Executive summary

Changes in the climate are rapid, widespread and intensifying. Human influence on this change is unequivocal. The heatwaves, wildfires, floods and tropical storms that have affected many parts of the world in recent years provide a foretaste of the future. Unchecked, climate change will affect all aspects of human life and the natural world, leading to increasing losses and damages. Lives, livelihoods and the social and economic stability of countries and regions are at risk along with the natural environment on which we all depend.

The impacts of climate change are not evenly distributed. Developing countries – especially Least Developed Countries (LDCs) and Small Island Developing States (SIDS) – are disproportionately affected by the impacts of climate change. This is due both to their geographic location and high-levels of exposure and vulnerability to climate-related hazards. Marginalised populations and communities, within and across countries, are particularly vulnerable.

There is high confidence on the aspects of climate change directly related to warming of the climate system and the severity of the associated impacts. There are, however, uncertainties in relation to where, when and how climate-related hazards will occur and how they will interact with future socio-economic developments that determine levels of exposure and vulnerability. Using a medical analogy, scientists have now diagnosed the nature and cause of the “warming disease” and have a good understanding of the prognosis, even if they cannot precisely predict the timing and severity of its effects or how exactly it might interact with other pre-existing conditions, such as extreme poverty or biodiversity loss.

These uncertainties are not a reason to delay action. Quite the opposite. Yet the nature of the uncertainties has important implications for how to approach the challenge of reducing and managing the risks. The context for action is also complex and challenging. This report argues that responsibilities for reducing and managing the risks are shared across different stakeholder groups, nationally and internationally. Large emitting countries have a responsibility to lead the net zero transition. Developed countries must scale up both financial and technical support to developing countries and make such support more accessible and predictable. Ambitious and bold climate action today will reduce future losses and damages; a failure to act means transferring the burden and risks to future generations.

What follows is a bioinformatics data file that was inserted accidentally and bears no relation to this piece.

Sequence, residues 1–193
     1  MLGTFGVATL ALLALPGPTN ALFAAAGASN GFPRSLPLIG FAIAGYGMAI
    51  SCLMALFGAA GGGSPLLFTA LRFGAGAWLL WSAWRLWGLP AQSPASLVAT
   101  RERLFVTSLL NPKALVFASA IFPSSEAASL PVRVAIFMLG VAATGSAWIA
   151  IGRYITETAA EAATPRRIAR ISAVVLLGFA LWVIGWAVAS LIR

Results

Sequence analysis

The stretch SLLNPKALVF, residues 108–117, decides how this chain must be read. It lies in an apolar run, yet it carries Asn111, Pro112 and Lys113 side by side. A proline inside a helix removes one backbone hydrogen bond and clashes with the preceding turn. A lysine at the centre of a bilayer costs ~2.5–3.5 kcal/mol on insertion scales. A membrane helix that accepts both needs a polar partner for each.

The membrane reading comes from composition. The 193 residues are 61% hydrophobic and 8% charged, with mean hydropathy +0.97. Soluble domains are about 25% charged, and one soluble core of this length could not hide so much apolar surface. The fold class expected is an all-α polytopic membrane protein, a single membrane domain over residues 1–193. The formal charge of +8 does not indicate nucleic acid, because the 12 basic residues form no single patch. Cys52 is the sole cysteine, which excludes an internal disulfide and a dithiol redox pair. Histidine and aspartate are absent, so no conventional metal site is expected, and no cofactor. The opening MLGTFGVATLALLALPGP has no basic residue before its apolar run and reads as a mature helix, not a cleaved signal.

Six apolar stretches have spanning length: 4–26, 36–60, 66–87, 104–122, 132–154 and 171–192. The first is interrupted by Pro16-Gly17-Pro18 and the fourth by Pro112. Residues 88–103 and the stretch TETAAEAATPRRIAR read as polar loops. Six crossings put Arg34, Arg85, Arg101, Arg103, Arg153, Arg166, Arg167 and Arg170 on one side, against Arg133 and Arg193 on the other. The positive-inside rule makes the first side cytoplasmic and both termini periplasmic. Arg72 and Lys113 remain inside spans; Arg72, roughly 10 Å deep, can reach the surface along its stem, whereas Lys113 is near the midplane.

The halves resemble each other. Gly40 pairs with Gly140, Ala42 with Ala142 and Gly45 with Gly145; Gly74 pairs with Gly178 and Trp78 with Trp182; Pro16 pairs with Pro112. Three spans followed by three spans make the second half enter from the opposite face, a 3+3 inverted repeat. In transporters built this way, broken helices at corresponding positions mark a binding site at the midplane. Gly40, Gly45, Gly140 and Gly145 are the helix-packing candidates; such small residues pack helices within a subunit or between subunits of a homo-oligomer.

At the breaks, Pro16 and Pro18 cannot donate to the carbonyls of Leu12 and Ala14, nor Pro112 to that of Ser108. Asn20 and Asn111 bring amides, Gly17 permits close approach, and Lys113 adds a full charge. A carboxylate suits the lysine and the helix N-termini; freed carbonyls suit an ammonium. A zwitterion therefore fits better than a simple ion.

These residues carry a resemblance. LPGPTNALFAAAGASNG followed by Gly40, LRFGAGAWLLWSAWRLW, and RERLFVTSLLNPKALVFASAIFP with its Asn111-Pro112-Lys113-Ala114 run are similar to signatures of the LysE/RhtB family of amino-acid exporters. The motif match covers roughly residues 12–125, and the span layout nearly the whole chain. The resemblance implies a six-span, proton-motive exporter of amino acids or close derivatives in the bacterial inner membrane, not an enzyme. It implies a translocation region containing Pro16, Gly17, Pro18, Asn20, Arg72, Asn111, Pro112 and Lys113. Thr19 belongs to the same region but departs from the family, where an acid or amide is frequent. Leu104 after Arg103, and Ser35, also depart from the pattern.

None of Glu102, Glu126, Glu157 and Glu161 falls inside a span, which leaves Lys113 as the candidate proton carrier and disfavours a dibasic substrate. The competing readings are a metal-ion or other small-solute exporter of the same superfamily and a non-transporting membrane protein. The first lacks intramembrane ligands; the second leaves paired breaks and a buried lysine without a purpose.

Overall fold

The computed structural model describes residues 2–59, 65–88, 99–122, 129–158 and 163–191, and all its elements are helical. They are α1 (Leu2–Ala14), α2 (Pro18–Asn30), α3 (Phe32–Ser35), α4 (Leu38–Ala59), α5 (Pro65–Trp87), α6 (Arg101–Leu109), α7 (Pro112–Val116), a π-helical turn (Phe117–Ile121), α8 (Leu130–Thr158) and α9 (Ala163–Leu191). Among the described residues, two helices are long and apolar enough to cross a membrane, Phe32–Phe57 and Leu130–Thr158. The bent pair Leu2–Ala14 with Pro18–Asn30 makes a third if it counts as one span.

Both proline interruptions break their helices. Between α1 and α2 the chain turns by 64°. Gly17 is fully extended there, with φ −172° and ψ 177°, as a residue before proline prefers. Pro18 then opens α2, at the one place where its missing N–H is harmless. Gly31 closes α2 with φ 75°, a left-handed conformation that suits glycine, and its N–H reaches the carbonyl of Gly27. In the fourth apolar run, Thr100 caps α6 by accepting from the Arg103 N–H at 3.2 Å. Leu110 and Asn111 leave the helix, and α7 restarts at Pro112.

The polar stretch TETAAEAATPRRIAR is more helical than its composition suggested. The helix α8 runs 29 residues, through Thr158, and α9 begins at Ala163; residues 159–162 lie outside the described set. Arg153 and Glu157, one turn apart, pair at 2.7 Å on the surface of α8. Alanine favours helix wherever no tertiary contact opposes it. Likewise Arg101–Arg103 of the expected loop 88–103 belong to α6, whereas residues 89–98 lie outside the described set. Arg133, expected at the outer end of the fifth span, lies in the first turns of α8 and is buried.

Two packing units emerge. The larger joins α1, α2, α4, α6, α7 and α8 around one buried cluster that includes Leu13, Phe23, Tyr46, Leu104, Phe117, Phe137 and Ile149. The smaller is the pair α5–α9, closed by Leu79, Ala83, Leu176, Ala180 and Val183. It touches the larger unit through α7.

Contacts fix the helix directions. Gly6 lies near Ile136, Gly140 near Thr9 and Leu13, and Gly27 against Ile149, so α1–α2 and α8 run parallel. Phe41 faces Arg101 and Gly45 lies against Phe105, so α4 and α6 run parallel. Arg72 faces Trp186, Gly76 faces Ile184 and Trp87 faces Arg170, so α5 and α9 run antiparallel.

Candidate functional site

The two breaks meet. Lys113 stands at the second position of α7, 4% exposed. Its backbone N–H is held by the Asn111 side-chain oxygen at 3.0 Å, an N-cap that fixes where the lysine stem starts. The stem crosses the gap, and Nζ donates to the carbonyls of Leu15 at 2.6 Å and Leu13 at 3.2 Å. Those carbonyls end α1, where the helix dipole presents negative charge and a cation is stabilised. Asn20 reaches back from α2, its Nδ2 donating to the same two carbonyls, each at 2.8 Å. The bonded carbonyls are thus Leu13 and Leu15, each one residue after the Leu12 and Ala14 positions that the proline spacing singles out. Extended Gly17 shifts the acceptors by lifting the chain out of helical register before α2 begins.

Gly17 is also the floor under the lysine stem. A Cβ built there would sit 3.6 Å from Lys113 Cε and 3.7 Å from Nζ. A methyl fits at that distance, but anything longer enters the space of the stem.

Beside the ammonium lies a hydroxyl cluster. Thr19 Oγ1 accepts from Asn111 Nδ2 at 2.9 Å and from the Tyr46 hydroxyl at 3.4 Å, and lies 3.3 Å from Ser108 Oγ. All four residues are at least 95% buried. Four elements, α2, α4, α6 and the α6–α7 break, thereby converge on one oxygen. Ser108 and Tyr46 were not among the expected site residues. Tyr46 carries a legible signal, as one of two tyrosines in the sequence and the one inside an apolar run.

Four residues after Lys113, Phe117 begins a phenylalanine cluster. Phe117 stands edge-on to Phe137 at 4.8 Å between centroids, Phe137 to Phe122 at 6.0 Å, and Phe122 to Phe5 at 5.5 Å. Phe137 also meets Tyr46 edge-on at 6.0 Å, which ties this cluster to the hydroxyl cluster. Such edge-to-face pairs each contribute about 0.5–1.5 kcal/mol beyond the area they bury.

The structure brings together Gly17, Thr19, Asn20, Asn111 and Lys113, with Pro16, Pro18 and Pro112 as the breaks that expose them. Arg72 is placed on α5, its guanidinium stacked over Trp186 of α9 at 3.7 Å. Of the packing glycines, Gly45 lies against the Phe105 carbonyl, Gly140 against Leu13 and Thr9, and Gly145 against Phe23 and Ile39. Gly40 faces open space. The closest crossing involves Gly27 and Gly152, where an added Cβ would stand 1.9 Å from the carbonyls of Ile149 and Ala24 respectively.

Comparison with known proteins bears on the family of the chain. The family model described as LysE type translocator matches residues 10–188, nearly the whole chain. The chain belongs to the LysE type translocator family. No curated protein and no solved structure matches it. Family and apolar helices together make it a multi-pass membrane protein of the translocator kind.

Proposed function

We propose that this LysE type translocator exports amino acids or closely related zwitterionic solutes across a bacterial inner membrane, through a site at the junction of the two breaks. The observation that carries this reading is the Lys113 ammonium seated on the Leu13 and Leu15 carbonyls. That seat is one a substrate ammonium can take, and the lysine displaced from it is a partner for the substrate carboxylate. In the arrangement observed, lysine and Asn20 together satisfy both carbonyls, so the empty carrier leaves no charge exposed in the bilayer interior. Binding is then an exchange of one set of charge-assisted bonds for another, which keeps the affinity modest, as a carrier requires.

In different ways and with different resources and levels of ambition, governments, the private sector, researchers, civil society organisations and individual citizens – often in partnerships – are taking action. These different stakeholders have complementary roles that offer areas for further action and collaboration. Recommended actions put forward in the report to reduce and manage both economic and non-economic losses and damages are summarised below, with a focus on the role of governments:

  1. 1. Take a precautionary approach by aiming to limit the temperature increase to 1.5°C: Accelerate strategies to achieve net zero globally by mid-century, supported by shorter-term targets and plans, while rapidly scaling up finance, technology and capacity development.

  2. 2. Create a more effective international development finance landscape supporting efforts to reduce and manage current impacts and projected risks of losses and damages: Scale-up finance, improve access to finance and reduce transaction costs to decrease future risks, while fostering country ownership and better aligning international development finance with national priorities, circumstances and needs.